Love the Landgate

....dark and forbidding....

Have you actually looked at the Landgate recently? I mean properly looked, not just glanced up and sighed or fallen over the steps covered with pigeon droppings. It is a more than sorry sight. The weeds at the top are flowering vigorously and the pigeons are cooing over their young – and making  more mess. The stones look as though they are coming loose and the mortar is falling out.

The Landgate damage

My family came over from Antigua in the last couple of weeks and could not believe the awful state it is in. They could not understand why no collection of local people had made it their business to chivvy, cajole or be downright aggressive in their approaches to any person, body or organisation who might have an interest in saving it.

In their view, and mine, what should provide a spectacular entrance to Rye Town is a sad, depressing eyesore. It is a condemnation of everything that leads to interested parties finding ways to avoid their obligations and the apathy that comes when energetic people have tried too long to make things happen.

Now, Antigua, an island in the Caribbean, is a poor country, very poor, in fact and a lot of their income comes from tourism, as it does locally, yet they manage to find enough money to keep the wonderful buildings in, for example, English Harbour up together. They do this through a combination of voluntary contributions, commercial support and government monies. The work is carried out by a mixture of paid staff and volunteers. They are led by someone who refuses to take no for an answer and has an in depth knowledge of the history, culture and archaeology of his native country. Perhaps we have too much history and too many historic structures in East Sussex.

I have now lived in Rye for five years, have read the reports in local newspapers, have watched the deterioration continue. I am told there is a support group, but I don’t seem to have heard their voices recently. I know that our local councils are cash strapped and struggling to meet their obligations, but is there no way of saving this wonderful and historic structure except by blasting it with water jets and continuing to hope it may become so decrepit it can be demolished ? Readers, tell me I am wrong.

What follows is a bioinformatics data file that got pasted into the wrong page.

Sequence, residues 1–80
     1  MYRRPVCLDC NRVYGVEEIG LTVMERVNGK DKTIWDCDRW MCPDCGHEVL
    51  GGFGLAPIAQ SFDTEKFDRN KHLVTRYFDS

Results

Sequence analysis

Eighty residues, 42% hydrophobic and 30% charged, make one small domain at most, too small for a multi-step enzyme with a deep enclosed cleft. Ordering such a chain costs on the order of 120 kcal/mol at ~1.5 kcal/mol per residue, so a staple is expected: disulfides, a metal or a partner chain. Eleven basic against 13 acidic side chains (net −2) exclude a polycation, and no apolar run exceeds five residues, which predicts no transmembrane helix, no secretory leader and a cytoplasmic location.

Photos : Rye News Library


  1. I share Gillian’s concern and sadness. We have been here three and a half years, and I made enquiries and got the same information. I think the residents must become more involved, because otherwise we will lose this unique landmark. Action group where are you? Rye News, can you flag this up please

  2. I totally endorse all of the above. Lets stop worrying about what may or may not be built in the future but put our efforts into caring for what we have already, in particular this wonderful building that should be loved and cared for. We should be ashamed or ourselves watching the Landgate fall into disrepair before our very eyes. Come on Rye, lets pull together to raise funds for this iconic landmark before it falls down around our ears.

  3. Who is responsible for maintaining this monument the state is appalling clock not working masonry bad condition tree growing out of roof area? If the De La War needs anything it is done immediately. Does anybody have any sense of responsibility or pride for Rye

  4. I have been an annual visitor to Rye for five decades, photographing the sights every time. The early pictures of the Landgate show a proud building, clearly a noble entrance to the ancient town. The ones from last year are just sad. I would happily contribute to a fund to save this marvelous structure. Clearly, government isn’t going to do so. It will have to be a local initiative.

  5. Has anyone found out who is responsible for its upkeep? I’d happily help drive any fundraising initiatives. It’s criminal that Landgate is being allowed to fade away.

    Rye’s residents need to make some effort to crawl out of the lethargic fug that seems to have gripped the town and start to make Rye look more polished, dynamic and cared-for – not just quaint. It’s such a wonderful place…